Ways To Measure And Evaluate Accuracy
Re:the length of a piece of string.
Posted by Watchbore on February 05, 1998 at 1:07:22:
In Reply to: My input on the most accurate for the money… posted by Roy Scott on February 04, 1998 at 11:55:13:
:Watches can never be accurate enough. They can have the distance to their goal and never reach it. Accuracy depends not only on the daily departure from true time, but also the consistency of that departure, the positional differences in rate, the effects of temperature, secondary errors and rate resumption.
In the old days observatories used to rate watches against true time determined by astronomical observations, awarding points to the best timekeepers, in keenly fought contests. The Grand Prix of horology.
The toughest test ever was the British craftsmanship test. From 1951 to 1978 only 12 watches (most Ulysse Nardin) reached the minimum standard, and only one (a Patek Philippe) reached the highest grade.These are probably the most accurate mechanical watches ever made.
Today, time-of-day watches are rated by COSC. It is comparitavely easy. Nearly 900,000 watches are awarded chronometer status each year and the pass rate is 97%.
Watch companies and watchmakers are reluctant to make any claims as to the timekeeping performance of their mechanical watches. They are terrified of smartasses armed with graphs and charts and lawyers demanding compensation. A good mechanical time-of-day watch can be expected to accumulate one or two minutes of departure from true time every month.
Another yawn from Watchbore
Excellent! Let me add 1 more item: RMS short-term error…
Posted by Walt A. on February 05, 1998 at 2:33:37:
In Reply to: Re:the length of a piece of string. posted by Watchbore on February 05, 1998 at 1:07:22:
Hi, Watchbore and Guys,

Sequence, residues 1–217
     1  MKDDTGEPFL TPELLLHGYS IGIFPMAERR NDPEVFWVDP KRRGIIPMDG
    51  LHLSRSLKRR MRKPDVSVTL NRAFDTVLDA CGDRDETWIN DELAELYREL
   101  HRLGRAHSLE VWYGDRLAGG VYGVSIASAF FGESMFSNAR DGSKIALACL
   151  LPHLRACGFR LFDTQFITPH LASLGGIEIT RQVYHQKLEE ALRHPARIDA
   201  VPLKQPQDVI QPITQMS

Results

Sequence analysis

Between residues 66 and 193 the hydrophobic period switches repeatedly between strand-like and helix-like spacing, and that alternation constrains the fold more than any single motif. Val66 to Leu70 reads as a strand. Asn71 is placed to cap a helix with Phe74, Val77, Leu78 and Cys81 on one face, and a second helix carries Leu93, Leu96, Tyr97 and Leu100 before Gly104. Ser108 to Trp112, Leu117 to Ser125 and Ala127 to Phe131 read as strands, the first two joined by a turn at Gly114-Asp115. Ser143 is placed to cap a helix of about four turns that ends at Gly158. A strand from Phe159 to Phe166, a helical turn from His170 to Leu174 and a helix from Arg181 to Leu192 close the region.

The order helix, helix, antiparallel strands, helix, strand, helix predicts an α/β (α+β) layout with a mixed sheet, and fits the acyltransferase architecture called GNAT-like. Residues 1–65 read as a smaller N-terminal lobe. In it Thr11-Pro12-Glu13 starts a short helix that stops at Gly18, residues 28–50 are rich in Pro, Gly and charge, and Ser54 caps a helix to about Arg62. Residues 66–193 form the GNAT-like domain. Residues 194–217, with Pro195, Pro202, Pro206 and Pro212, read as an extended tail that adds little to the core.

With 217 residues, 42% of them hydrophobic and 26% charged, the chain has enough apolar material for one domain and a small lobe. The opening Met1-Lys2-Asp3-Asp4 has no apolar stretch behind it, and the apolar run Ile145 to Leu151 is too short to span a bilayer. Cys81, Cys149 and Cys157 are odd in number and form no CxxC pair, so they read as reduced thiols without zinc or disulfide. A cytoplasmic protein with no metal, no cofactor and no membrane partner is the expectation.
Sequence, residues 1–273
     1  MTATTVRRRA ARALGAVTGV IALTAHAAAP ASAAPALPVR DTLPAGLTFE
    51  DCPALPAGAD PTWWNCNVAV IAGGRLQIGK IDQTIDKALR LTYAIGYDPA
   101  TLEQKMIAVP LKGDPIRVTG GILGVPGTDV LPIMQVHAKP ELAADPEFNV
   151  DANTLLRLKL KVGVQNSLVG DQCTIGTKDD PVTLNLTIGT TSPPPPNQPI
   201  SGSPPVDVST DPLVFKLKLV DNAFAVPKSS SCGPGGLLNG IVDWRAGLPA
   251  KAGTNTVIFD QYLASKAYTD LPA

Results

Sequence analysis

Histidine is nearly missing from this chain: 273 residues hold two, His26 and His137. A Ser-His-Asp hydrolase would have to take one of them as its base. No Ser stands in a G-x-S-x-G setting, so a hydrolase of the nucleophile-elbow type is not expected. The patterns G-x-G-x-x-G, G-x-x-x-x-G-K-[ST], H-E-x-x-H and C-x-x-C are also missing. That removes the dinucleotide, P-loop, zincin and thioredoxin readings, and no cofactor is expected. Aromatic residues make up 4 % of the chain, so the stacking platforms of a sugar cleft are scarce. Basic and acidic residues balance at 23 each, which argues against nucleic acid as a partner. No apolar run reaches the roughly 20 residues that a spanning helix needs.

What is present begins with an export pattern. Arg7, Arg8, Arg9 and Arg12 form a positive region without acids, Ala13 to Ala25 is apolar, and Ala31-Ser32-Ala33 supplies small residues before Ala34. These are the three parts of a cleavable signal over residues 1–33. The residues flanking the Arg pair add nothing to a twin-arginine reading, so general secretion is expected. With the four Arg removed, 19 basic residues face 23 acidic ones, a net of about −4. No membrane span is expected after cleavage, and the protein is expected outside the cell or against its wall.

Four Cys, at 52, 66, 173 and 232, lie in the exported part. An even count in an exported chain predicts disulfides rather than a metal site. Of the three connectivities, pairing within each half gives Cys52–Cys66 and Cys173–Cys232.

You have put your finger on the heart of the matter: There are all sorts of ways to measure and evaluate accuracy. And we accept only a very specific measurement type: The error at the moment the second hand stops on a second mark. That is because we are not too concerned about the brief 1/8 second in between these instants. In actuality, the best we can do with a mechanical watch is set it so that it is 1/16 second fast at the moment the hand stops on the second mark and over the next 1/8 second, until just before the hand jumps to the next second, the error will build up in the negative direction, until the indication will be 1/16 second SLOW. All this applies to a 28800 bph escapement.
OK, no problem so far. Now how about the quartz watch, which advances only once per second? Here the error is more pronounced. The best we can do is set the watch so it is 1/2 second fast at the moment the hand lands on the second mark, and then gradually, the error will creep downwards, past zero, and finally be minus 1/2 second just before the hand jumps to the next second mark.
Do you accept that much error? Then how about the quartz dress watch without the second hand, which advances once every 20 seconds and jumps 1/3 minute on the dial each time? Most owners don’t mind. Yet the error of this watch reaches 10 SECONDS 3 times every minute!
Well, then, if that’s OK, why not a watch that advances only every 12 HOURS? It will be absolutely accurate by the same criterion as the three examples above, but you can get this accuracy by merely painting the hands on the dial!
Not to try to make the whole argument sound ridiculous, let me summarize by saying that our criterion for accuracy is actually a little vague. Quite a few months ago I sent in a post that described a watch’s accuracy in terms of RMS ERROR, which takes into account the moment by moment error of a ‘perfectly accurate’ watch. To those who still remember that description, my apologies for subjecting you to it again.
The RMS (Root Mean Square) error is a mathematical quantity well known to all engineers and scientists and is conceptually a parameter independent of direction or frequency. It is conceptually a measure of the ‘energy’ dissipated by the error, i.e., the amount of heat you could get from it if you hooked up a coil to a system generating the error. It is also the most likely error you would be reading off the watch’s dial if you consulted it at a totally random moment.
I won’t go into the actual detail of how you calculate the RMS error, but the RMS error of a 1 bps quartz watch keeping ‘perfect time’ is 0.2887 seconds. That is, if you consult your ‘perfect’ quartz chronometer, this is the most likely error you will be seeing.
On a ‘perfectly adjusted’ 28800 bps mechanical watch, the RMS error is only .0194 seconds, suggesting that the mechanical watch is about 15 times as accurate as the 1 bps quartz watch!
Of course, the only watch with a zero RMS error would be one with a synchronous motor phaselocked to a quartz oscillator. I don’t believe any such watch exists today or is likely to come along in the foreseeable future. The energy consumption would probably require a hockey-puck sized battery.